Take a minute and think about the most successful retailers across the country, operators such as Wal-Mart, Home Depot or Best Buy. One thing they have in common is they don’t leave much to chance; they use technology and tools (not instinct and yellow pads) to help turn their inventory rapidly and boost profits.
Using your instincts to make decisions regarding your inventory may have served you well over the years, but with the degree of price volatility and rapid mix changes in the market, it’s time to develop a more systematic approach to your inventory decisions, supported by technology.
To jump-start growth and ensure your inventory is working for you to drive more deals and more profit, you must have concrete inventory strategies and processes in place; this means much more than just stocking the correct quantity of vehicles. An inventory strategy is the foundation you need to consistently operate profitably in bad times as well as good.
When General Motors recently announced they were slashing $10 billion in costs and shifting their focus from trucks and SUVs to more fuel-efficient cars, the industry entered a new era. For months we’d been waiting to see how dealers would fare in the face of an increasingly challenging economic environment. First, we experienced the mortgage crisis, with many consumers losing their homes and millions more worried that they could be next. Then, gas prices started to shoot upward, and as food and the costs of other basic necessities followed suit, stock prices continued to slip in the opposite direction. Before we knew it, reports of consumers desperately trying to unload their gas-guzzling SUVs and Toyota dealerships unable to meet the demand for Priuses were splashed across every industry publication and local paper.
Yet, this is truly a time of opportunity for your dealership. With used car sales accounting for almost 30 percent of the typical dealer’s operating profits, having the right combination of pre-owned and new vehicles in stock is vital. It has never been more important to stock the right cars, turn inventory quickly and make more profit faster.
A comprehensive inventory strategy to boost profitability should include four interlocking components: inventory analysis, proactive strategy, inventory sourcing and inventory management systems. Inventory management is fundamentally about having a plan in place to analyze each vehicle on your lot, analyze every potential trade-in and systematically dispose of vehicles that do not sell in a reasonable amount of time.
In today’s competitive environment, inventory management can literally be the difference between success and failure for your dealership. However, even if you’re doing relatively well, inventory management should be an ongoing process that can help enhance your growth and profitability. Let’s take a closer look at the pieces of a cutting-edge inventory strategy.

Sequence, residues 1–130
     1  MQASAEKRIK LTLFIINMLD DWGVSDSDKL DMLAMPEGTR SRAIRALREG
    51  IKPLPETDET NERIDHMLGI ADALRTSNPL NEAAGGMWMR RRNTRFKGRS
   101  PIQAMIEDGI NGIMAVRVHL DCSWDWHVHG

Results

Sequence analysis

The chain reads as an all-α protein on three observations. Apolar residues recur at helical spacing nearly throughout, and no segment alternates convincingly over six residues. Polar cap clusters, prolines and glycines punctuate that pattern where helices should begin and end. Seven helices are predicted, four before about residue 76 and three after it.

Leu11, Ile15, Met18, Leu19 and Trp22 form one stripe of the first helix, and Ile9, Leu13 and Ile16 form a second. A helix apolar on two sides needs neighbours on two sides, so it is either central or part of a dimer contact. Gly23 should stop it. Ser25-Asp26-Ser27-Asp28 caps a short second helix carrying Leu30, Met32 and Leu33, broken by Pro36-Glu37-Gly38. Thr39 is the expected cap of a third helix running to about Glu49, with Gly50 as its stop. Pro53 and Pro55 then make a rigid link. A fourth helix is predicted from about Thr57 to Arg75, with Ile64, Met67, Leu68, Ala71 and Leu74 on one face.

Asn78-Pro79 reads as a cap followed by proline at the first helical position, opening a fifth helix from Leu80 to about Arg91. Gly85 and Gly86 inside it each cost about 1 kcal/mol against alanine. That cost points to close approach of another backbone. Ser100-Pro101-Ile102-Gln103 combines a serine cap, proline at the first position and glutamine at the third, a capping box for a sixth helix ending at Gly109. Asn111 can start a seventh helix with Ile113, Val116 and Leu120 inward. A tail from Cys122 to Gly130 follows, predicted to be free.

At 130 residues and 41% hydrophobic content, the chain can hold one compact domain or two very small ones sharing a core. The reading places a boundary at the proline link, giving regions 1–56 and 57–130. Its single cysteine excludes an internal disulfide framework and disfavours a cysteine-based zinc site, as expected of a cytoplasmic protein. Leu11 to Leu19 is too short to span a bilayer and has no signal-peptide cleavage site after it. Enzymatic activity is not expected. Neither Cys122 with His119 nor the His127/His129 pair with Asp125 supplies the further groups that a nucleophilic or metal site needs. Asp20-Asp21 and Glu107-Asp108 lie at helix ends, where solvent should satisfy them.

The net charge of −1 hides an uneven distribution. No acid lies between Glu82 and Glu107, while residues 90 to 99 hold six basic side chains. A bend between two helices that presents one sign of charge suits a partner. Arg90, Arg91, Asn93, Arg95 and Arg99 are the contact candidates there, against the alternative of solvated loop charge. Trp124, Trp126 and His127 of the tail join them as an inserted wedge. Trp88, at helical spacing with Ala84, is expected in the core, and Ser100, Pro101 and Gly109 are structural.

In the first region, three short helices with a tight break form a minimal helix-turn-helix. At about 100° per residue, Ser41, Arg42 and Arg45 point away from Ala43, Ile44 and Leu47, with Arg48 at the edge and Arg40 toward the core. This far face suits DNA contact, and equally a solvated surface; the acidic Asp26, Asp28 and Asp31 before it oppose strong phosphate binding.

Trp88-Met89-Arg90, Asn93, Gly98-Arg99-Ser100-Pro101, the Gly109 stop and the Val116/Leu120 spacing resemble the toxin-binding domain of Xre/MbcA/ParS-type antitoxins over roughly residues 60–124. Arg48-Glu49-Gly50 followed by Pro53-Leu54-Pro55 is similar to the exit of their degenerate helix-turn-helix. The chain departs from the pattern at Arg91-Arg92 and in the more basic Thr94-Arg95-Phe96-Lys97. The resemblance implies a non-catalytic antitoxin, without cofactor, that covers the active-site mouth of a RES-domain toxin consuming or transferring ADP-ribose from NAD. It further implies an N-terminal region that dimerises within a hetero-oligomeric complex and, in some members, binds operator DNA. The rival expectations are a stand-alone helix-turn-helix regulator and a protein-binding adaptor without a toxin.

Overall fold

Inventory AnalysisInventory analysis consists of assessing every vehicle on your lot, including those you are accepting in trade and those you plan to wholesale. With thorough analysis, you can identify and maintain the right mix of core and non-core inventory, determine the optimal turn cycle to minimize inventory aging and carrying costs, determine the optimal times to buy and sell inventory, and establish pricing parameters that work for your market.
Proactive StrategyOnce you have a handle on your inventory, you need to create a proactive strategy for actively managing, marketing and selling your vehicles. You need to implement plans for buying and selling vehicles that include managing gross profit, ROI, days to turn, average cost of sale and seasonality. Evaluating and appraising trades realistically, establishing a concrete aging plan, and setting a pricing structure that fits your market and region should all be integral parts of your strategy.
Inventory SourcingHow you source your vehicles is another key part of inventory management. Your sourcing strategy includes determining how often you purchase wholesale vehicles and how you make trade-in decisions. When assessing a trade, many dealers focus on the condition of the vehicle and forget to evaluate the need for the vehicle. A sound remarketing strategy takes into account a particular model’s past sales performance and aging history, as well as the current market demand and residual value.
Inventory Management SystemsInventory management systems are software solutions designed to help dealerships implement, maintain and fine-tune their inventory plans. These systems can make a significant contribution to your inventory management efforts, as dealers who use this type of technology often realize quicker vehicle turns and higher ROIs compared with dealerships that do not.
Dealerships of all sizes can benefit tremendously from a comprehensive inventory strategy, gaining a competitive edge that can be so critical in driving growth and profitability in today’s difficult market.
Vol. 5, Issue 11